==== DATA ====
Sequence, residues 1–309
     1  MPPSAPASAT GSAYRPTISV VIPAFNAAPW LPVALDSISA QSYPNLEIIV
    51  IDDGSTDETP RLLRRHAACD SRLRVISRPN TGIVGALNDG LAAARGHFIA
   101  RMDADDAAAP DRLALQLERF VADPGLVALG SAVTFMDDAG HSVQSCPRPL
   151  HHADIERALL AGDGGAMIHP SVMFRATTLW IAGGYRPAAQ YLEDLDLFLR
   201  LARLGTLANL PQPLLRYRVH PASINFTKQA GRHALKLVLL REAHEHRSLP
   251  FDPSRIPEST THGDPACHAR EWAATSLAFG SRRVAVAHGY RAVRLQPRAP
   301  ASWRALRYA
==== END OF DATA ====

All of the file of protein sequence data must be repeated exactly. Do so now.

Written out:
Sequence, residues 1–309
     1  MPPSAPASAT GSAYRPTISV VIPAFNAAPW LPVALDSISA QSYPNLEIIV
    51  IDDGSTDETP RLLRRHAACD SRLRVISRPN TGIVGALNDG LAAARGHFIA
   101  RMDADDAAAP DRLALQLERF VADPGLVALG SAVTFMDDAG HSVQSCPRPL
   151  HHADIERALL AGDGGAMIHP SVMFRATTLW IAGGYRPAAQ YLEDLDLFLR
   201  LARLGTLANL PQPLLRYRVH PASINFTKQA GRHALKLVLL REAHEHRSLP
   251  FDPSRIPEST THGDPACHAR EWAATSLAFG SRRVAVAHGY RAVRLQPRAP
   301  ASWRALRYA